Saturday, December 31, 2016

Happy New Year!

The best part of 2016 for me was going to Ireland and France. I bought a new ornament for the Christmas tree to commemorate that...a bag of baguettes.

Somehow 2016 seemed like a long year...probably because of the Presidential elections here in the U.S. Not thrilled with the outcome, but perhaps there will be positive foolishness and not just negative foolishness. Already hearing some who were thrilled the day after the election who have changed their minds. That's a pretty quick turn around considering that we heard practically nothing 24/7 but Trump this and Trump that. Anyone who was paying attention pretty much knew that we were going to get what we are starting to get. The inauguration is still almost 3 weeks away!

On to more positive things. Not sure if it is Pollyanna or ostrich behavior.

Santa gave me a new fitbit for Christmas since my old one conked out on me. The old one was sweet and simple. This one is so complicated that I haven't been able to complete setup so far. I'll try again tomorrow morning. I have to decide on using my iPhone as the dashboard or a Windows 10 computer. I somehow thought that I could use both. I used the iPad and my computer with the old, simple one. Perhaps Santa should have just given me another simple one. I'm a simple kinda girl. Oh, that's right....positive, positive, positive. Well, when it gets going I'm going to have access to more information to encourage me to have healthier habits. There, positive enough?

It truly is a beautiful day/evening and I truly wish each and every one of you a most Happy New Year!

Friday, December 30, 2016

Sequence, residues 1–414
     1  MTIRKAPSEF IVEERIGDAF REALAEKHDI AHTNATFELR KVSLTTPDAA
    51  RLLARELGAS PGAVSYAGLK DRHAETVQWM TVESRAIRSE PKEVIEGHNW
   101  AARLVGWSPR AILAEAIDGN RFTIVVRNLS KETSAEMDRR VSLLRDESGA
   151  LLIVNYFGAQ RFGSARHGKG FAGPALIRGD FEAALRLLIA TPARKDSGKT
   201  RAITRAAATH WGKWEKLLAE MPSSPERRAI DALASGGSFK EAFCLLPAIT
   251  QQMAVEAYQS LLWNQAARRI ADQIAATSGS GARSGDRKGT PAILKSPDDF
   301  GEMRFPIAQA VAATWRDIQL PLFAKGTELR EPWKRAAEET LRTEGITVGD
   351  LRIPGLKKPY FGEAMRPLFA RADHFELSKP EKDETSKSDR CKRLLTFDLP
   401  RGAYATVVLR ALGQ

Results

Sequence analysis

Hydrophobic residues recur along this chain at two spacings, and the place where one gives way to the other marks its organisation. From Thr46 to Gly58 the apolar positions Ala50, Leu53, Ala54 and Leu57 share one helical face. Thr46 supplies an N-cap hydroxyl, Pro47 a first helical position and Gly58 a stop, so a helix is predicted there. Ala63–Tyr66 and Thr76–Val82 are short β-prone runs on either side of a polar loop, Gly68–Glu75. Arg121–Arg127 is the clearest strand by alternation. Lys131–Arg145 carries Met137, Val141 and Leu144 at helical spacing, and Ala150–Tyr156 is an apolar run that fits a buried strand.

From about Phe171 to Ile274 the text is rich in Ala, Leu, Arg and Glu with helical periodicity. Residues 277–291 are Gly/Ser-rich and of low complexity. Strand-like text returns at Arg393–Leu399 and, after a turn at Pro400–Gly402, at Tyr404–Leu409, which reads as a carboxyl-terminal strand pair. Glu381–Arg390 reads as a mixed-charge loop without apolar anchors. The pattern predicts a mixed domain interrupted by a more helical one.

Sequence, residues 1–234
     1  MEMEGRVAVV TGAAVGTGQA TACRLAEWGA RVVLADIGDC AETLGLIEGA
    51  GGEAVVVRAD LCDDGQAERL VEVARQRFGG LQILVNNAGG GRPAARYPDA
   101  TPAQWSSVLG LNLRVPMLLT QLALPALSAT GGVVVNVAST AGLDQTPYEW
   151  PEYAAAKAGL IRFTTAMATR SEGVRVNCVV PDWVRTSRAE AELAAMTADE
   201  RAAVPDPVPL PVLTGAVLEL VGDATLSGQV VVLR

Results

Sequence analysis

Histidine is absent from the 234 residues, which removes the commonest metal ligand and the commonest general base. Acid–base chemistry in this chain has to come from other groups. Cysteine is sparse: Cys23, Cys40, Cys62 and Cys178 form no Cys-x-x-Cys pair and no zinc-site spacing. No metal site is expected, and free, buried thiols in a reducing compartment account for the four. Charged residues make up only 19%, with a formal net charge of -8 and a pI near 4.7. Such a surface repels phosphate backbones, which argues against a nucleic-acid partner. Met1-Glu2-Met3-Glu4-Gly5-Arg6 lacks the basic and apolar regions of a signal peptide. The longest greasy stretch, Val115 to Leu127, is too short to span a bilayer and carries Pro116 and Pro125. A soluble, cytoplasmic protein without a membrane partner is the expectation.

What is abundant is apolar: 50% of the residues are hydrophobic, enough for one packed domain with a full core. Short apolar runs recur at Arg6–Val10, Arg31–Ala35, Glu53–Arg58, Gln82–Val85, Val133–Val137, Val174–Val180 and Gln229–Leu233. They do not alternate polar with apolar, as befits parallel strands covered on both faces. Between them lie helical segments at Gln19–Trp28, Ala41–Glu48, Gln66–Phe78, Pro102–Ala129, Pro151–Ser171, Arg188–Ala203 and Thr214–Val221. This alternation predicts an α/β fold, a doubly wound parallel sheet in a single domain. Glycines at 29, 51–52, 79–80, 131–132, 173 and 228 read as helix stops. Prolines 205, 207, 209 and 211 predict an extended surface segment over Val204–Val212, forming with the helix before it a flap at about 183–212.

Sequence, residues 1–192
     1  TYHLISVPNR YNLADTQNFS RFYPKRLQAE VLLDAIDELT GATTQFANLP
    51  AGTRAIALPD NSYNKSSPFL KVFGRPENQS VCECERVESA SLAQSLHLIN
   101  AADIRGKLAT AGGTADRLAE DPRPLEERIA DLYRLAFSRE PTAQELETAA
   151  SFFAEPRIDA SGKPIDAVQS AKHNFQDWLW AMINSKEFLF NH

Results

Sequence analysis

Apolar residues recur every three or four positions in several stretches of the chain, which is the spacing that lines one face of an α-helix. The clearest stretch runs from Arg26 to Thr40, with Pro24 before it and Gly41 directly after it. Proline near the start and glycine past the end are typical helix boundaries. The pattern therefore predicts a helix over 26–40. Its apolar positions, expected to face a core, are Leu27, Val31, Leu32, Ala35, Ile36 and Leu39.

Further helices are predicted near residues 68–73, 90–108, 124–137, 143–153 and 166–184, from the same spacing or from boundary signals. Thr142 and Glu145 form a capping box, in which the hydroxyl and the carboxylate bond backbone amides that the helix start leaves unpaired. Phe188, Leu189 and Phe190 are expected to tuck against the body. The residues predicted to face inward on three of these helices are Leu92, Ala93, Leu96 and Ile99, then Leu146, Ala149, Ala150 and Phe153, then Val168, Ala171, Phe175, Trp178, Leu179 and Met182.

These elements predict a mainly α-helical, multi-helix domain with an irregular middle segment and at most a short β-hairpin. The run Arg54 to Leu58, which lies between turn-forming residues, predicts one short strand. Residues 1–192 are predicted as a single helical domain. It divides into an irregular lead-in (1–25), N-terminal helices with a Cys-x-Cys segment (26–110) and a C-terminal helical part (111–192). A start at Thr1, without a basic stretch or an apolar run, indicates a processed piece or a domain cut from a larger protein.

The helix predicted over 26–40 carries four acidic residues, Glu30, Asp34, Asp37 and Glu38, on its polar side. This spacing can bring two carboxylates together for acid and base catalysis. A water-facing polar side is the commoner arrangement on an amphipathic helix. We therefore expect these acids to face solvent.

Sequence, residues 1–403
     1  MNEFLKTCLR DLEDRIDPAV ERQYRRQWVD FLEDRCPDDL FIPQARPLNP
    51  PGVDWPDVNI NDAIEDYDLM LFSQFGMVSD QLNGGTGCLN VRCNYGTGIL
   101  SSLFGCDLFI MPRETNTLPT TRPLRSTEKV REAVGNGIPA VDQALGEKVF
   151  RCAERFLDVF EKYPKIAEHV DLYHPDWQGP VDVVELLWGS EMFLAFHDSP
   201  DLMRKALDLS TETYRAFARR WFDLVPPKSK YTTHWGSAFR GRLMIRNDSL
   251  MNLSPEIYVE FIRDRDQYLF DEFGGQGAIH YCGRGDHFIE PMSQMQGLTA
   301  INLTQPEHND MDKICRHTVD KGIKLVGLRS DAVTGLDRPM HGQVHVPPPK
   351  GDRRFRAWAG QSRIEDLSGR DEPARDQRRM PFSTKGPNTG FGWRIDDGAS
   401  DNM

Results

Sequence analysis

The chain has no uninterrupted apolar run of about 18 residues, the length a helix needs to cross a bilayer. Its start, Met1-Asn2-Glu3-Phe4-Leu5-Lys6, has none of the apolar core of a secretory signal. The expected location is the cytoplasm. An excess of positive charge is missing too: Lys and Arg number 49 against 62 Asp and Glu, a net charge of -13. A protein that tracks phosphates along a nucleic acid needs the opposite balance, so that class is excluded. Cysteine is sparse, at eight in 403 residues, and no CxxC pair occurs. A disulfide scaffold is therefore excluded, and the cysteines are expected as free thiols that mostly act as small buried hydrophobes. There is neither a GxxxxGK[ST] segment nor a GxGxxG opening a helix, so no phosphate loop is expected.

One of the signature dishes that Katherine is always asked to bring to parties is what started out being called Christmas Crack. She made it one year for our Boxing Day Party and then figured out variations for other themes, like Super Bowl, New Year's, and the Oscars. This year she showed me how to make it. It's pretty quick and easy, although making sure you have all the elements may take a bit of doing. I found everything I needed at Target, plus I already had red and green sprinkles and some silver decorating edible dust.

First you gather your ingredients: Boom Chicka Pop Sweet and Salty Kettle Corn popcorn, mini pretzels, Candiquik vanilla melt and make, M&Ms (here is where you can go with a theme...for Christmas red and green works really well),

sprinkles, sea salt. I added some silver culinary dust for extra sparkle, plus we had some sparkle M&Ms and tiny red and green Christmas tree sprinkles.

Next lay out two long sheets of plastic wrap, overlapping slightly, on a clean surface. This is where the mixture will cool.

Break the mini pretzels into smaller pieces and measure out two cups of them.

Place the popcorn and pretzel pieces in a large bowl. Add about half the M&Ms. Set aside.

Break up the Candiquik into chunks and put them in a microwave safe bowl to melt. We goofed and used a bowl that heated up too well in the microwave, so the candiquik started to brown! Should have used a Pyrex bowl. Live and learn. I'm sure to make this again.

Melt candiquik in the microwave, a minute at a time, stirring after each minute, until the candy coating is smooth and melted.

Pour about half over the popcorn and pretzels and M&Ms, stir to coat those with the melted candy. Add another quarter of the M&Ms and stir again.